The film 21 and Over is appropriately named. Not only in subject matter, but also because, like being twenty-one, it seems like it’s going to be fun and novel and full of non-stop good times until you actually experience it.
Archetypal Asian med school student with daddy issues, Jeff Chang (Justin Chon), has spent the first twenty years of his life doing everything his parents wanted him to do. But when his old besties, the boyishly handsome Casey (Skylar Astin) and ganja-guru Miller (Miles Teller), show up to take him out on the town for a few birthday beers, Jeff decides to do everything he wants to for a change. What starts out as the first legal beer quickly turns into a barely legal night involving stampeding buffalos, Latina sorority cults, and acid-tripping Native American chieftains. And wouldn’t you know, Jeff has to be back in time for a wedding – I mean, a medical school interview – the following morning.
Anyone who didn’t know this was written and directed by Hangover writers Jon Lucas and Scott Moore will be able to tell within the first five minutes. While the film produced a few memorable raunchy gags, including gluing a teddy bear to a character’s genitalia and the accidental mastication of a particular feminine hygiene product (yes, that happened), 21 and Over never strays from The Hangover formula. Lucas and Moore keep up a good ebb and flow of the leads stumbling through ridiculous situations, but they lose ground when it comes to the script’s more sentimental moments. We’re constantly hit over the head with the personal plights of these three amigos, yet only mildly convinced to care. To top it off, jarringly dark tonal shifts are scattered throughout and handled shoddily, putting a damper on the fun for anyone who doesn’t love a good dose of depression as a major plot point in their teen comedies.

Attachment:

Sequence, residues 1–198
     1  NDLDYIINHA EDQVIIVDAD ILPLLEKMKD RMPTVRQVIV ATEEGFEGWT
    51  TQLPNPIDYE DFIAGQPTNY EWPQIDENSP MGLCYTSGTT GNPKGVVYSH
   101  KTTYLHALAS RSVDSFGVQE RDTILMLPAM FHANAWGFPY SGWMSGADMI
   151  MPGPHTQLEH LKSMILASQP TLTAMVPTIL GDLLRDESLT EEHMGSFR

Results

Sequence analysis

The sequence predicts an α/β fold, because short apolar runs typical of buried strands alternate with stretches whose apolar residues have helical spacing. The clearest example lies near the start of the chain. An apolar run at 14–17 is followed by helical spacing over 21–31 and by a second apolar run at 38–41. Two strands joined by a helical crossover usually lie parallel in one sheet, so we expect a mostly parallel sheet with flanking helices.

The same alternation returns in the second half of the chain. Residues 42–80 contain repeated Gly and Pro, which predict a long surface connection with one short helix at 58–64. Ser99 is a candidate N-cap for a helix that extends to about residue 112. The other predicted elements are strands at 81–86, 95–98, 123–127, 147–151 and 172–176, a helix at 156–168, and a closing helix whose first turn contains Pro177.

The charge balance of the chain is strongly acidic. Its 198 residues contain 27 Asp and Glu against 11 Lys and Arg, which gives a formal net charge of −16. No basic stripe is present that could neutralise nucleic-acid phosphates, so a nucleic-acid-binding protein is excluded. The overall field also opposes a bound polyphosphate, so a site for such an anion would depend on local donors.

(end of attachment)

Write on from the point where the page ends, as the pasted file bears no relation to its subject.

Despite a mediocre script, the chemistry between the three brotagonists kept the comedy from blacking out. Main character Chang may be unconscious for 75% of the film, but Casey added a much-needed dose of emotion in his interactions with love-interest Sarah Wright and Miller kept things fresh with an improv style reminiscent of Workaholic’s Adam DeVine. Like most teen comedies, the film features mainly predictable and stereotypical characters, but it has enough instances of seemingly adorable Asian girls with secret anger management problems, feminist-friendly female leads, and professors who do acid recreationally to keep things from becoming overtly cliché.
Make no mistake – this is not going to be a classic like Lucas and Moore’s first drunken bro-bonding escapade, but 21 and Over does manage to get a few more laughs than what’s in theaters right now and teaches us two important lessons in the process: that we should follow our dreams, do what we want, and live our lives to the fullest. And that The Hangover formula only works once.